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Harrington v. Atlantic Sounding Co.


September 11, 2007


The opinion of the court was delivered by: Gershon, United States District Judge


Plaintiff Frederick J. Harrington Jr. ("Harrington") brings this action against defendants Atlantic Sounding Co., Inc. ("Atlantic Sounding") and Weeks Marine, Inc. ("Weeks Marine"), pursuant to the Jones Act, 46 U.S.C. § 688, for injuries sustained as a result of defendants' negligence while he was employed as a seaman aboard the defendant vessel MV CANDACE ("CANDACE"). Plaintiff also asserts claims under general maritime law for unseaworthiness, maintenance and cure, and lost wages. Defendants seek to dismiss the complaint, or, in the alternative, compel arbitration and stay the instant action. Defendants also move to dismiss the in rem action against the CANDACE for lack of jurisdiction.

By order dated January 12, 2007, the court deferred ruling on defendants' motion pending an evidentiary hearing on the validity of the post-injury arbitration agreement between plaintiff and his employer. Based upon plaintiff's physical condition, the evidentiary hearing was delayed until July 18, 2007. At the hearing, plaintiff presented his own testimony and that of Thomas Langan ("Langan"), Corporate Risk Manager for Weeks Marine. Defendants presented testimony from Teresa Olivo ("Olivo"), Corporate Claims Manager for Weeks Marine, and, by way of deposition, Coral LaFrance ("LaFrance"), Assistant Manager, Mayflower Savings Bank, who is a licensed Notary Public. The following constitutes my findings of fact and conclusions of law, pursuant to Rule 52(a) of the Federal Rules of Civil Procedure.


Harrington is a fifty-three year old former seaman. He was employed as a deckhand by Weeks Marine*fn1 and earned approximately $180.00 per day. Weeks Marine considered plaintiff a good employee, and his captain thought highly of him. On April 10, 2005, Harrington injured his back while working aboard the CANDACE, a tugboat owned and operated by Weeks Marine. He left the tugboat in May 2005 and returned to Buzzard's Bay, Massachusetts to live with his elderly father. At around the same time, plaintiff began receiving maintenance payments in the amount of $20.00 per day from Weeks Marine. The company also paid all of the medical expenses plaintiff incurred as a result of his injury.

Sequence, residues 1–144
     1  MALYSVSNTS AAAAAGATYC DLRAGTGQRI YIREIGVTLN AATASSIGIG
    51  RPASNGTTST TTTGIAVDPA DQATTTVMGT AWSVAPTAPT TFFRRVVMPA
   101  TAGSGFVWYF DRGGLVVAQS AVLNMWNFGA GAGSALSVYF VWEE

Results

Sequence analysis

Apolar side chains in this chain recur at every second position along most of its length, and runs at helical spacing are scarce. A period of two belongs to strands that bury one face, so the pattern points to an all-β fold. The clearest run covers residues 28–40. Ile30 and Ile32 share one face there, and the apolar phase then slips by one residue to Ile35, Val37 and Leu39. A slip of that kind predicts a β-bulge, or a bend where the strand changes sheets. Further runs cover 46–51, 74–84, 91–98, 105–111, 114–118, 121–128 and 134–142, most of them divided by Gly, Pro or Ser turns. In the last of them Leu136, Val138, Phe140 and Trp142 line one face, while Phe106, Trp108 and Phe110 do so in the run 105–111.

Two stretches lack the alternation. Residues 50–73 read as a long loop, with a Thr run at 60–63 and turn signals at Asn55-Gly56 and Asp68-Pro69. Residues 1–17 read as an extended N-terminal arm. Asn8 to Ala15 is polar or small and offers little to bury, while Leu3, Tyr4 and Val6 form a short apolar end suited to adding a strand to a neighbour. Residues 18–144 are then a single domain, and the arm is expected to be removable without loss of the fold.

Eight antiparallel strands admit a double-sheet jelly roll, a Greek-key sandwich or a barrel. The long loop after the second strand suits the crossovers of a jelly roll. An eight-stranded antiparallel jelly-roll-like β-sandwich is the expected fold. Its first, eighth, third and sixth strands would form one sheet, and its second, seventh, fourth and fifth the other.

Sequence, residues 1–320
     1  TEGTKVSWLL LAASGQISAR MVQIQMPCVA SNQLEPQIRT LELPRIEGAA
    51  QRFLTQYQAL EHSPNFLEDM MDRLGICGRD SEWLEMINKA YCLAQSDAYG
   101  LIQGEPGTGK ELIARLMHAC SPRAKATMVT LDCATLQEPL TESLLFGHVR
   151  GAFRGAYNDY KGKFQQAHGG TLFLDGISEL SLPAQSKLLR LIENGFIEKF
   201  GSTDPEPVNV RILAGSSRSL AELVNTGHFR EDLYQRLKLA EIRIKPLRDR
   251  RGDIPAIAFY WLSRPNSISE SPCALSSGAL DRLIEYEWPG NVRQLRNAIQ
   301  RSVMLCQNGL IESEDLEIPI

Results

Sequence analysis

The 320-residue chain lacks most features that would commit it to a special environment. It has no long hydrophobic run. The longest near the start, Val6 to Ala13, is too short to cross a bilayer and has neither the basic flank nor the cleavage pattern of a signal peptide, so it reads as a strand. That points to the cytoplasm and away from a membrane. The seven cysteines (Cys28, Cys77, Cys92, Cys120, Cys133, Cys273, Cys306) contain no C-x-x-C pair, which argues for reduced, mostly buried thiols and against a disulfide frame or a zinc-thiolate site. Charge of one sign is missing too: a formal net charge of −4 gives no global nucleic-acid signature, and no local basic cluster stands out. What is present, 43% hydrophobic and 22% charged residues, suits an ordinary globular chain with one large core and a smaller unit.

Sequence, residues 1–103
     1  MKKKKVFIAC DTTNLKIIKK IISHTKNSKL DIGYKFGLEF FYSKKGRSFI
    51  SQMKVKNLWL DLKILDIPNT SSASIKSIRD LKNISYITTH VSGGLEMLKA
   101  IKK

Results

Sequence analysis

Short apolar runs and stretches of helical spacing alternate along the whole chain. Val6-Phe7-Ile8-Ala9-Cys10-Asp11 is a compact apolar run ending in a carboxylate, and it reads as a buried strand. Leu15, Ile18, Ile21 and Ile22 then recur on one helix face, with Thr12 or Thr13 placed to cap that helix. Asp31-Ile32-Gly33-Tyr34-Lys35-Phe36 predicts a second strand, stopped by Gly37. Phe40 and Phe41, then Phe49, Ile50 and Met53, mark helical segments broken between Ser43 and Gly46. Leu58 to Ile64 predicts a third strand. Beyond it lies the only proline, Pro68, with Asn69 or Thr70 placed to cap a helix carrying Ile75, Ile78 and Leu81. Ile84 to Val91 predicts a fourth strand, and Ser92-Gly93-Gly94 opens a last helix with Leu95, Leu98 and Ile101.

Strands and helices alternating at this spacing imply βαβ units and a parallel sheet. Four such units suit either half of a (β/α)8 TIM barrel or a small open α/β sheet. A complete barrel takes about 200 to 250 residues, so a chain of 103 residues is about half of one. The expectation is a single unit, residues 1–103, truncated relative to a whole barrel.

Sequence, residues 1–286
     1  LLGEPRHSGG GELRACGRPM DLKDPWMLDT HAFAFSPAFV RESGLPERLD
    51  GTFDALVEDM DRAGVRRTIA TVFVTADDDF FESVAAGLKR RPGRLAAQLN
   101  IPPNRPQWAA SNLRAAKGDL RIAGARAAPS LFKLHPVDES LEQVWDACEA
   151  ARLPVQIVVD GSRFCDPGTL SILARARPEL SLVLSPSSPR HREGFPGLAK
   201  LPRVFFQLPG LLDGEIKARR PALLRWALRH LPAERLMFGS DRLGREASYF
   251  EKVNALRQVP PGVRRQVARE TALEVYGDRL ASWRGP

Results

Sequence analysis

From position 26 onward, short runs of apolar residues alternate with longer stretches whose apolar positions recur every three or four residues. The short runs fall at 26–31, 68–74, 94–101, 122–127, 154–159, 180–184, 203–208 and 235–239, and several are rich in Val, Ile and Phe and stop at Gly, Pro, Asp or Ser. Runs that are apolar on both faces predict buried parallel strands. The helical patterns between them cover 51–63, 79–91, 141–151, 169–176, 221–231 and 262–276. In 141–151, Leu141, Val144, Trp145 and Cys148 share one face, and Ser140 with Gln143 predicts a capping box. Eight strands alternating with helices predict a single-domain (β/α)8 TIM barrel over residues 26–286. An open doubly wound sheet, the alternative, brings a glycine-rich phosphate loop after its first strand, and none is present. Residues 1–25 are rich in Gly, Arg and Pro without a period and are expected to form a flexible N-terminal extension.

Harrington was diagnosed with herniated discs and was told that he required lumbar surgery. As Corporate Risk Manager for Weeks Marine, Langan was responsible for reviewing plaintiff's medical records prior to authorizing any medical procedures. Harrington testified that, prior to the surgery, he was in excruciating pain and was taking Valium, Percocet, and Vicodin. He was confused, depressed, and angry, and the medication did little to alleviate his symptoms. Harrington was also drinking heavily, approximately "a fifth a day" of vodka. In fact, he admitted to struggling with alcohol abuse and having been in an out of rehabilitation programs on at least ten to twelve occasions.*fn2

On July 11, 2005, seven days prior to his lumbar surgery, Harrington received a Claim Arbitration Agreement ("Agreement") form in the mail from Weeks Marine. The Agreement states that defendants "are obligated to pay maintenance and cure, . . . [but] are not currently responsible or liable for any other damages under general maritime law, the Jones Act or any other applicable law." In exchange for Harrington's agreement to arbitrate all claims, defendants agreed to advance plaintiff sixty percent (60%) of his gross wages until he was declared fit for duty, reached maximum medical improvement, or October 10, 2005, whichever came first. The Agreement provides that the "advances will be made twice monthly and will be credited against any settlement . . . or against any future arbitration award." The Agreement also states that "[a]ny filing fee, up to $750.00 and any deposit for compensation of the arbitrators shall be advanced by [defendants], subject to subsequent allocation." The final paragraph of the Agreement states:

Other than the promises contained in this agreement, I have been given no other promises to induce me to sign this Claim Arbitration Agreement. I have not been coerced in any way into signing this agreement. I have signed this agreement knowingly and willingly.

When he read the Agreement, Harrington thought that, because he was a good employee, defendants were going to pay him sixty percent (60%) of his wages until he was able to return to work. Prior to receiving the Agreement, plaintiff, on various occasions, had communicated via telephone and written correspondence with employees of Weeks Marine, including Teresa Olivo, Corporate Claims Manager, and Rick Devine, Towing Manager. At no point did any Weeks Marine employee explain the terms of the Agreement to plaintiff, or inform him that it was a legal document and that he should seek the advice of an attorney prior to signing it. Nor did anyone from Weeks Marine advise Harrington of the legal rights that he was giving up by entering into the Agreement.